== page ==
The name of Drynopolis and its bishopric continued to be attested throughout the Byzantine and medieval periods, and has left a permanent mark on the contemporary toponomy of the area.
In antiquity, Hadrianopolis was the main urban centre of a densely populated area, which extended along the valley of the river Drin. Extensive archaeological surveys have been carried out both in the immediate surroundings of the ancient city and further afield. Surveys in the extra-urban area west of the settlement led to the identification of an extensive necropolis. Subsequent excavations brought to light six single inhumation graves. They all consist of simple cist burials, stone-lined, covered with gabled lids. The deceased all rest on their back, with arms crossed on the chest, and are accompanied by a few modest objects. This could be due to the low status of the occupants or to the fact that the graves had been disturbed before being investigated.
In the wider surroundings of the settlement surveys brought to light a number of new archaeological sites. These new sites, together with a few previously-known settlements were all recorded in a scientific manner. Information on each site – including photographs and plans of the surveyed structures – fed a purpose-built database . GPS technology was used in establishing each site’s location and creating the baseline for a new archaeological cartography of the entire valley of the Drin.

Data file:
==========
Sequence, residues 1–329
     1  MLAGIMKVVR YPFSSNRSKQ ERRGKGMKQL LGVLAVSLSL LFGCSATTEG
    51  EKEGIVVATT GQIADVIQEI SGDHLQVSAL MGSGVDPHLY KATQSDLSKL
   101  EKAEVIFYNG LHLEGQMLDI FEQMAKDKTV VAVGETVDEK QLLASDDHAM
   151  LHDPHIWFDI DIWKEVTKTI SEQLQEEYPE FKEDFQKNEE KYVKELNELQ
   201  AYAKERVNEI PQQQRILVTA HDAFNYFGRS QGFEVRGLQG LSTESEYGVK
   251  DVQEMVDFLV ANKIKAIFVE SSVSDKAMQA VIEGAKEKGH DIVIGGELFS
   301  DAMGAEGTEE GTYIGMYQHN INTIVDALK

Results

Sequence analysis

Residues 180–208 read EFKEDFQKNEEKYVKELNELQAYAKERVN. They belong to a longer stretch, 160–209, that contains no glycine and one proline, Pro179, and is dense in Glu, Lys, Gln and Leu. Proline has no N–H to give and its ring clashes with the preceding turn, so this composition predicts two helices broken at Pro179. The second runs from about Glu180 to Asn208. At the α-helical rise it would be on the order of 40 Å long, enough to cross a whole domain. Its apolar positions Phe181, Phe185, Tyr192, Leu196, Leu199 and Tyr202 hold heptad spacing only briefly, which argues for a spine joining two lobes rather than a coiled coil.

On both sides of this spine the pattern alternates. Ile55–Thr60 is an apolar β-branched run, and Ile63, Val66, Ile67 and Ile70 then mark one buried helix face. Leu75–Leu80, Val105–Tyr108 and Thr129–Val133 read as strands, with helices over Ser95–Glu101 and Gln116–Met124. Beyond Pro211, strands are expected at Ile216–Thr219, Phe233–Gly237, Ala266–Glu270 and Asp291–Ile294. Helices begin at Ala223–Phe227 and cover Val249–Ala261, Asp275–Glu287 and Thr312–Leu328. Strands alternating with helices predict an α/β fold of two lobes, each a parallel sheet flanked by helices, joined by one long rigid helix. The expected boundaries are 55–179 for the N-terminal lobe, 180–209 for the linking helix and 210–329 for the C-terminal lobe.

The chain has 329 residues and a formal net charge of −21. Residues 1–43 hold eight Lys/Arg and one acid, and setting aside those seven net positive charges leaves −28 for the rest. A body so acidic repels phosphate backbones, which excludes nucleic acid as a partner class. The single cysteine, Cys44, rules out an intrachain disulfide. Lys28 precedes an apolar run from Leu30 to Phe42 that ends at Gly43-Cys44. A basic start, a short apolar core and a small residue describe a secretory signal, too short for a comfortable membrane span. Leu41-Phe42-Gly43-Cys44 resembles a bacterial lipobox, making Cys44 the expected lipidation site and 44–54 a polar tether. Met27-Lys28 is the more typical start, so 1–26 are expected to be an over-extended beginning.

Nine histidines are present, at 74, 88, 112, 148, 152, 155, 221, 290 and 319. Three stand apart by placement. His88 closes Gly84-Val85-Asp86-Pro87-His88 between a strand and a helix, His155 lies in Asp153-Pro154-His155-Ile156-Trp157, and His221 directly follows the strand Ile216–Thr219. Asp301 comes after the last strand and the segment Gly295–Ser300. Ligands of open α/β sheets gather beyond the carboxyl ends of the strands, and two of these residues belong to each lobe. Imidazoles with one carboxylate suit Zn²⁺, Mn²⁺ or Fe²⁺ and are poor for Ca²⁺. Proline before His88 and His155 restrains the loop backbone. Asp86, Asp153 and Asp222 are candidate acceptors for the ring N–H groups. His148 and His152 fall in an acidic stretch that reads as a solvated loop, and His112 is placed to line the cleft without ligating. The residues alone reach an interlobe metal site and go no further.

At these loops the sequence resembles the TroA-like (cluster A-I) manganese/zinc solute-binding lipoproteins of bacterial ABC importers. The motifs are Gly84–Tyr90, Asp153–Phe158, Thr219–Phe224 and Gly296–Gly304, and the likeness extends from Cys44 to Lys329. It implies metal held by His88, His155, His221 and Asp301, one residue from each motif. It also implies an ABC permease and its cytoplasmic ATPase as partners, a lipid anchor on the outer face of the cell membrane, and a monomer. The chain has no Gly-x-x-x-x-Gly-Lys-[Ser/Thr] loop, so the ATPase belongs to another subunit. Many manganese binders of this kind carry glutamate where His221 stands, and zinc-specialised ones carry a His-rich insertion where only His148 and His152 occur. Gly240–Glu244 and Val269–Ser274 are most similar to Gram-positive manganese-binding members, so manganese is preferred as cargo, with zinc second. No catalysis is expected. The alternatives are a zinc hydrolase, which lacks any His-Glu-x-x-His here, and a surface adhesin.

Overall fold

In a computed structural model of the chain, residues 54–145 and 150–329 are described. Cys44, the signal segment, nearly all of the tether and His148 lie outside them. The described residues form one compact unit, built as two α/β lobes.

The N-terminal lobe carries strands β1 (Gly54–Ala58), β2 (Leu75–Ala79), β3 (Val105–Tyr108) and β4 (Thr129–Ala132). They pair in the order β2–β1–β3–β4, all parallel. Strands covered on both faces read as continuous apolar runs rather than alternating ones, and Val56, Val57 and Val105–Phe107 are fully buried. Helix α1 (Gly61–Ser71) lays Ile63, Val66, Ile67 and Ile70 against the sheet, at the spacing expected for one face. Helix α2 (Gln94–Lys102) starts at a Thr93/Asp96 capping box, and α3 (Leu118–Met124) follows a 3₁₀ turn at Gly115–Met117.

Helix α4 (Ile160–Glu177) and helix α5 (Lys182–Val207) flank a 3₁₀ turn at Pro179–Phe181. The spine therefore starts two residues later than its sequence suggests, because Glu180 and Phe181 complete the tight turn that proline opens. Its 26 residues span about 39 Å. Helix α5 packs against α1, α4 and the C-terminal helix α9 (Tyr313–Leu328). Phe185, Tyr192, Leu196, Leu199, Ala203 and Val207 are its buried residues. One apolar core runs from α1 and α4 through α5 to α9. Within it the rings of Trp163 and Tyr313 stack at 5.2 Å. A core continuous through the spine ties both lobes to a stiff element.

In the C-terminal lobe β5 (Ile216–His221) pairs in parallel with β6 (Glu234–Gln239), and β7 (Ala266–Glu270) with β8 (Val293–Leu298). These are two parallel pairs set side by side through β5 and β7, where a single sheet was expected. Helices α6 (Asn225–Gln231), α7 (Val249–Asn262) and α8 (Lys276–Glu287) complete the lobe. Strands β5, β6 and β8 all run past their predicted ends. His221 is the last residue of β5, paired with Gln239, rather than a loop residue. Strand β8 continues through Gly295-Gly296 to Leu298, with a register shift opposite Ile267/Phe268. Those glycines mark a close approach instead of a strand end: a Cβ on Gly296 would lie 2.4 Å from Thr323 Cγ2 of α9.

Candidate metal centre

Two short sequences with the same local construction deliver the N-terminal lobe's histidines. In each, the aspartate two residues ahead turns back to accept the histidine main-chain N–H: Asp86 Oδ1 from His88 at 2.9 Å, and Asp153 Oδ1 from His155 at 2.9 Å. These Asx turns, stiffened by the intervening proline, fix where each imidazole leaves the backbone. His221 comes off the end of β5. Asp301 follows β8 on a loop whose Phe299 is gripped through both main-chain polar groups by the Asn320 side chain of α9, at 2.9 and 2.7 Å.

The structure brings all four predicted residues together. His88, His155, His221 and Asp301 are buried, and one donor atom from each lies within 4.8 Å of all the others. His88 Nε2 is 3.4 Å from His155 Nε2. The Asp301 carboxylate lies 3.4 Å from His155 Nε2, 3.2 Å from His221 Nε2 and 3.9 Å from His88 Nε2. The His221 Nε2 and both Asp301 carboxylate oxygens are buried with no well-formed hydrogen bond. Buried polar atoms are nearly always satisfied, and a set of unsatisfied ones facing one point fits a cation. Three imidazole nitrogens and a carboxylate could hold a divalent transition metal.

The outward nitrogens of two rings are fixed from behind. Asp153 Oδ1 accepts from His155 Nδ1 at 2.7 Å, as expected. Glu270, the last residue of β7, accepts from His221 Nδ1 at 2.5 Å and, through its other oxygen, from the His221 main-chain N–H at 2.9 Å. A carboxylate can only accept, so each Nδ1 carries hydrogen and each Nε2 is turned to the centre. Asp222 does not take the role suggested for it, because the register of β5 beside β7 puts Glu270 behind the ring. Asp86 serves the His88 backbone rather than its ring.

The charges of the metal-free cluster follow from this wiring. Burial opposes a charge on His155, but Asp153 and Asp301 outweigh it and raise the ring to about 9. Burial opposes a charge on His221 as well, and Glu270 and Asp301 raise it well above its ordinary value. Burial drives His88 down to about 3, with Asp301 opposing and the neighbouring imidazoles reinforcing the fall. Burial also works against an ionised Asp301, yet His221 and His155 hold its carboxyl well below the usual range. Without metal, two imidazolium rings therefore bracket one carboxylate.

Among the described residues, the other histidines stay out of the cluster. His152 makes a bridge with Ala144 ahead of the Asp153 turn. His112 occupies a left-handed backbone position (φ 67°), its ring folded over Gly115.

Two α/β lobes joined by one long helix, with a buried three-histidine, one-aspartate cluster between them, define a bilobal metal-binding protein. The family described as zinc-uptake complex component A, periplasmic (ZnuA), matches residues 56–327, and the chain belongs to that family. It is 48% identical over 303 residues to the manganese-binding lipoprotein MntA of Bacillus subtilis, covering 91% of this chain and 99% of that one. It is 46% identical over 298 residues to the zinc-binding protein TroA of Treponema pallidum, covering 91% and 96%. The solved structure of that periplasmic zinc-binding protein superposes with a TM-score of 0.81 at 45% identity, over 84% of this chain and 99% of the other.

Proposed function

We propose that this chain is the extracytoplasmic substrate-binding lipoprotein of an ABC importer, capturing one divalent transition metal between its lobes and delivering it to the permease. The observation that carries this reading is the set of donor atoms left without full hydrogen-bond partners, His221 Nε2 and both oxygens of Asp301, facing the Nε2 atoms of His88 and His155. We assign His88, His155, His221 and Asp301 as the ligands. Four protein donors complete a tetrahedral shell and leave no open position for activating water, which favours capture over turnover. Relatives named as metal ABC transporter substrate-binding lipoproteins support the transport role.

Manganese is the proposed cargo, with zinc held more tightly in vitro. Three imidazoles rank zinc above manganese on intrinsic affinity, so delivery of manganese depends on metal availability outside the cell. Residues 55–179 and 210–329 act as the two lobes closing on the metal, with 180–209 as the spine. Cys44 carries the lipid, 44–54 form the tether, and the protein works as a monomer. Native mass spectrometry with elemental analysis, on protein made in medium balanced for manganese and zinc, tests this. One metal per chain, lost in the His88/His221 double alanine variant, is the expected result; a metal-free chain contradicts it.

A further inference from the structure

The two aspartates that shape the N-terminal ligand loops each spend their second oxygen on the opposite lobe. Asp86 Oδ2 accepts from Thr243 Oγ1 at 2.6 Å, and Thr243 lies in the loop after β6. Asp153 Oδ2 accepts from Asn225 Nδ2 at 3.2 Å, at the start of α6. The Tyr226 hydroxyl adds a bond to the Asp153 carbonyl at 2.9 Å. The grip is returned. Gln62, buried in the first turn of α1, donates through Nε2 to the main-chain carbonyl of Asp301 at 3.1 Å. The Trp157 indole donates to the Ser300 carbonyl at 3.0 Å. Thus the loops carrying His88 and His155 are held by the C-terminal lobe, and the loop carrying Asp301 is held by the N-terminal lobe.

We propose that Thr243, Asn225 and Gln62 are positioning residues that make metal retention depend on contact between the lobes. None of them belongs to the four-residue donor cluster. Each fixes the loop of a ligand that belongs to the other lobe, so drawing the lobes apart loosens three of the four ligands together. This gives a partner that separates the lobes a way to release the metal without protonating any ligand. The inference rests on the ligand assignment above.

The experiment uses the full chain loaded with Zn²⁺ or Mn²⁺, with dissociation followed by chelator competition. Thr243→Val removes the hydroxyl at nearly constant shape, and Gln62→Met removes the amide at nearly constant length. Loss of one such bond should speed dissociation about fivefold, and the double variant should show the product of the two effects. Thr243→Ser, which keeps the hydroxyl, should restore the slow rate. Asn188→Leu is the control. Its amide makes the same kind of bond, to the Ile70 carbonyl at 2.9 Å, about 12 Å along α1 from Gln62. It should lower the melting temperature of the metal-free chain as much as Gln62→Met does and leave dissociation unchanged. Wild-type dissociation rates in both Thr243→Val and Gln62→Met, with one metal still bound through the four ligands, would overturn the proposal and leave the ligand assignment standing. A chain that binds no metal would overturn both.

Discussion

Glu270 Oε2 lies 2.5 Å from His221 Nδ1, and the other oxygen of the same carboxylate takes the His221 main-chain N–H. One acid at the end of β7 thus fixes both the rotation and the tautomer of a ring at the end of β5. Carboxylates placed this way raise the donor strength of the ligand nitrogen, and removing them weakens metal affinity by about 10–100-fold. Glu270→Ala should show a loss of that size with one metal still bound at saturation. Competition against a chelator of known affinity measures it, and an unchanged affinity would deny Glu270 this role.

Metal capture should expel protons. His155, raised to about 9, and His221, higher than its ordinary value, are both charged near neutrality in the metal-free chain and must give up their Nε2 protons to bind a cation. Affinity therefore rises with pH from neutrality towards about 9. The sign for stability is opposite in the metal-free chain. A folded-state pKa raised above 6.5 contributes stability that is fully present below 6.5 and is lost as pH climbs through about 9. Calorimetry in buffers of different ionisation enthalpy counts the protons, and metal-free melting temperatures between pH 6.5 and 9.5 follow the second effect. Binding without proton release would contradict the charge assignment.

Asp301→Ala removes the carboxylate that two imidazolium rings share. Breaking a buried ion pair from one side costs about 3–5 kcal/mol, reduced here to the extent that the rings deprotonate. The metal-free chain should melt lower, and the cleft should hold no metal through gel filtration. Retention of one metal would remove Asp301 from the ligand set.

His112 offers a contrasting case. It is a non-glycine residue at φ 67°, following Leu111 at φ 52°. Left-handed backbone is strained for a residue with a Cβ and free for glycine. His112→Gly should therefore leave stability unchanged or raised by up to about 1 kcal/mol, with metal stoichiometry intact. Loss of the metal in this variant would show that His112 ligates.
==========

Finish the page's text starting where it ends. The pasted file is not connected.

Hellenistic settlements and habitation clusters seem to concentrate on the hills and the most elevated areas. They dominate the valley from above and control accesses and routes through the mountains and towards the sea. They are naturally well defensible and placed in strategic locations within the region. A good example is that of the city of Antigoneia, founded by Pyrrhus on an almost impregnable hill overlooking the settlements on the plain.
In the Roman period the focus of settlement shifts to the valley. Large and small centres are located along the course of the river, and ultimately mark the route of a major Roman road of the region, running parallel to the coast from south to north. The settlement at Hadrianopolis might